Frank Sibley was trained as a philosopher in postwar Oxford. His principal teacher was Gilbert Ryle, who, understandably, had a profound influence on Sibley’s way of doing philosophical analysis—an influence that is as apparent in his last papers as in his first ones.
Sibley must be credited with inaugurating the renaissance in aesthetics and philosophy of art in the English-speaking world after World War II, a renaissance that is still in full cry. He did it in 1959, in an article that, in the years since, has never ceased being discussed and cited in the literature, and, at the time of its appearance, produced a veritable deluge of essays, and even books in response or defense, that completely reinvigorated the discipline.
“Aesthetic Concepts” (1959a), as Sibley titled his inaugural article, dealt, in a surprisingly few pages, with three of the most basic and difficult issues in the discipline: taste, criticism, and the distinction between the aesthetic and nonaesthetic.
He began, with a sensitive ear for “ordinary language” that was to characterize to the end all of his work in aesthetics, by distinguishing between the kinds of things one says about works of art such as “that a novel has a great number of characters and deals with life in a manufacturing town” or “that a painting uses pale colors, predominantly blues and greens,” and such remarks, in contrast, as “that a poem is tightly knit” or “that a picture lacks balance or has a certain serenity and repose.”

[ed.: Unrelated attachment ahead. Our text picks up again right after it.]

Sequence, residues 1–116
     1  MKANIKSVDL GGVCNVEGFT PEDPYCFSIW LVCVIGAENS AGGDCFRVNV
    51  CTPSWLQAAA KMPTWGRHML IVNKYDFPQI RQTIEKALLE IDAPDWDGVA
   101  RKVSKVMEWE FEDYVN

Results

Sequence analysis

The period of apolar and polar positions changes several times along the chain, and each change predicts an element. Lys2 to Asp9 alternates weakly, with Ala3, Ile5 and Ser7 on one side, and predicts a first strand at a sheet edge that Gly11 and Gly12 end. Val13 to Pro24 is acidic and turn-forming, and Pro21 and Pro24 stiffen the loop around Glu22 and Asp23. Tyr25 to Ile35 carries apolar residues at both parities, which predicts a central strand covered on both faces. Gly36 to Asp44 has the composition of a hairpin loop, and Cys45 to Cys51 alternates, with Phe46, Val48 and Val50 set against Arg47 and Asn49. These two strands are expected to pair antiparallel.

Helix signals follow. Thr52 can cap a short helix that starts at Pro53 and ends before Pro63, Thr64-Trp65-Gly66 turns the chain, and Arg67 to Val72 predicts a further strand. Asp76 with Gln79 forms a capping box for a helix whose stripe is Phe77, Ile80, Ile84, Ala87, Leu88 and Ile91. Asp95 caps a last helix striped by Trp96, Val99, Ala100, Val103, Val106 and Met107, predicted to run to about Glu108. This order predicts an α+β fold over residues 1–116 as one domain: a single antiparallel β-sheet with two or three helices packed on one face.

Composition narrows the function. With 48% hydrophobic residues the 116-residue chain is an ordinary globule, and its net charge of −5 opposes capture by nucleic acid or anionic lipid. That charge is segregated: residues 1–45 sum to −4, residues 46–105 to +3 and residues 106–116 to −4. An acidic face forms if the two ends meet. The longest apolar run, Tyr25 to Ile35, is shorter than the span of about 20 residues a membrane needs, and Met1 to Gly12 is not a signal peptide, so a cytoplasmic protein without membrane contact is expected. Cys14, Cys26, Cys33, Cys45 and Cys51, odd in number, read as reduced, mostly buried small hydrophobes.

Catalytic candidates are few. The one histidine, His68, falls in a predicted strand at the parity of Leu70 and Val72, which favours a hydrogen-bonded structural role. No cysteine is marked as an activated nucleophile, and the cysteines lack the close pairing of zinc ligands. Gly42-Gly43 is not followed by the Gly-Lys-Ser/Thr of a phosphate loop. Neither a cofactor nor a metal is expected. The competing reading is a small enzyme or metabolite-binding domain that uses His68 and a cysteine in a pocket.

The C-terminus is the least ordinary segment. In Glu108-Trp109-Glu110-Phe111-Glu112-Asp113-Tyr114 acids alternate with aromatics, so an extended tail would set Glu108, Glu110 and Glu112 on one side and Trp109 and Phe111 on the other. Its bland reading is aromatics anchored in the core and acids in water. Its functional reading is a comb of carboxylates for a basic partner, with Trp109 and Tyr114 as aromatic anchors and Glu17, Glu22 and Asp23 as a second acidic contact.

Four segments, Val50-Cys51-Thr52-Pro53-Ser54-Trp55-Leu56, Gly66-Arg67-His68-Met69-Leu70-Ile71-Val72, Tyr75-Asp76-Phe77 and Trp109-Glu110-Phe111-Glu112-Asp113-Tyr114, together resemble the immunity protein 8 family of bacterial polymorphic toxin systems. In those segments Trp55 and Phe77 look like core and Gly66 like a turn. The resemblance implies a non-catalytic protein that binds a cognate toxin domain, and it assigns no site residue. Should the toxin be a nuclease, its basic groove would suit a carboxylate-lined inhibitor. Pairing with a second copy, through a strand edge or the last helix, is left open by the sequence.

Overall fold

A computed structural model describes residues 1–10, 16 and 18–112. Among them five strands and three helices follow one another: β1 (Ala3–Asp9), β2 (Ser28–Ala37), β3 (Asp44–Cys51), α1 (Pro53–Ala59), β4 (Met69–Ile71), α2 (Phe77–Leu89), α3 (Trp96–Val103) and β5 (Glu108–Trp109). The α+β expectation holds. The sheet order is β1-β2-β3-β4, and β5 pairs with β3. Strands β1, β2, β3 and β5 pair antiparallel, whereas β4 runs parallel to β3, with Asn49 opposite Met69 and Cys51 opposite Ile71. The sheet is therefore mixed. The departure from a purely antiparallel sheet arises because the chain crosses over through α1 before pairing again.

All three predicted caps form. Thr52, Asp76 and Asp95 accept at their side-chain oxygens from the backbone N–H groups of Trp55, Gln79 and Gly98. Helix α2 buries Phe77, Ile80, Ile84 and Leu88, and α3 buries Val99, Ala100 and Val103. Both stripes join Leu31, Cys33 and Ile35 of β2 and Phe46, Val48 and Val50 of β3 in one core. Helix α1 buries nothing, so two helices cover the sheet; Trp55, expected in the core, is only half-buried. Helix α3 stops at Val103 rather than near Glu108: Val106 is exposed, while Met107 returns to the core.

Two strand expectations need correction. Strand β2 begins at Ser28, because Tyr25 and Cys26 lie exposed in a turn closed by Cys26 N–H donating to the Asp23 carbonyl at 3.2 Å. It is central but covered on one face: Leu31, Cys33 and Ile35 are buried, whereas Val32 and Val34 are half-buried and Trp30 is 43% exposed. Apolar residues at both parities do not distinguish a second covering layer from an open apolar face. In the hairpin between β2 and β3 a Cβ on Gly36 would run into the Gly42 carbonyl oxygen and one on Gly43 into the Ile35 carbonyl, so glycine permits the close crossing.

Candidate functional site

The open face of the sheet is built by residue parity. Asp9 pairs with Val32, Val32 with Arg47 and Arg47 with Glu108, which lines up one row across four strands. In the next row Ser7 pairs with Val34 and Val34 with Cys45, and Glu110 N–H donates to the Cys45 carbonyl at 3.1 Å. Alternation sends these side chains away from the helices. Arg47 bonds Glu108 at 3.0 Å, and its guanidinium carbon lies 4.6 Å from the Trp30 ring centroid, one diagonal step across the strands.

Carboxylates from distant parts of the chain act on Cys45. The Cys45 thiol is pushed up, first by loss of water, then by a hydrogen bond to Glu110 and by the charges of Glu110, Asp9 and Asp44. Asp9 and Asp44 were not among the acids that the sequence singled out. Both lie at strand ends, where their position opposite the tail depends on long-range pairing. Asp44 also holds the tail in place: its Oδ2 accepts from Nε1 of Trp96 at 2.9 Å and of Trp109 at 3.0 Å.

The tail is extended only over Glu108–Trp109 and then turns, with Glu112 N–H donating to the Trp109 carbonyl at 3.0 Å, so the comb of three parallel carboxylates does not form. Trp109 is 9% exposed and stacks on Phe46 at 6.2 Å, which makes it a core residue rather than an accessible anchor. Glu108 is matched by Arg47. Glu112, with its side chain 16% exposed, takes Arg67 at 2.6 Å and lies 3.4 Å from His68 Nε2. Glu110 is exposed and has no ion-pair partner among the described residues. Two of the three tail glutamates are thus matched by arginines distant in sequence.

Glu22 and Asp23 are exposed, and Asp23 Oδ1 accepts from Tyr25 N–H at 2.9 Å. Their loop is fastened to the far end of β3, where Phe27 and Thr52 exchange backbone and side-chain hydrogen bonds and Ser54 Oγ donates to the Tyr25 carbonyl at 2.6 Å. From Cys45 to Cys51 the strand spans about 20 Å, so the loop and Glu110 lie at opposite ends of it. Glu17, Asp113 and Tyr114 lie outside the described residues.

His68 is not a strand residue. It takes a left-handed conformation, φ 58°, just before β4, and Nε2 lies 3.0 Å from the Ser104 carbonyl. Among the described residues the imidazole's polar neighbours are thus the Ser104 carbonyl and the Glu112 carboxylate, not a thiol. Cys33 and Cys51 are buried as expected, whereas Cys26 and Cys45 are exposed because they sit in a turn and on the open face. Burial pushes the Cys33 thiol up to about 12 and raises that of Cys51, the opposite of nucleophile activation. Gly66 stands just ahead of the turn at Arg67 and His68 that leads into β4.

About these different kinds of remarks, Sibley claims, “It would be natural enough to say that the making of judgments such as these [latter ones] requires the exercise of taste, perceptiveness, or sensitivity of aesthetic discrimination or appreciation; one would not say this of my first group”.
Sibley calls the terms that he thinks require a perceptiveness, sensitivity, or taste beyond that of “normal eyes, ears, and intelligence,” aesthetic concepts or terms. And it is the central, most controversial of his claims that aesthetic concepts or terms are, as he puts it, not condition-governed, which is to say, “There are no sufficient conditions, no non-aesthetic features such that the presence of some set or number of them will beyond question logically justify or warrant the application of an aesthetic term”.
|warrant the application|
Sibley was, throughout his professional life, reticent to publish because of a deeply ingrained perfectionism. Even though his philosophical reputation stems mainly from the groundbreaking “Aesthetic Concepts,” it is not the only one of his publications to have influenced the field. Particularly worthy of mention are “Aesthetics and the Looks of Things” (1959b) and “Aesthetic and Nonaesthetic” (1965), in both of which Sibley further explores the whole question of aesthetic reason-giving.
As well, Sibley’s work in aesthetics and philosophy of art is now likely to have a renewed influence on the field through the posthumous publication of essays he was in the process of preparing for the press at the time of his death. The range of subjects broached in these essays demonstrates that, to the last, Sibley was at the cutting edge of research and is likely to remain a potent philosophical force for many years to come.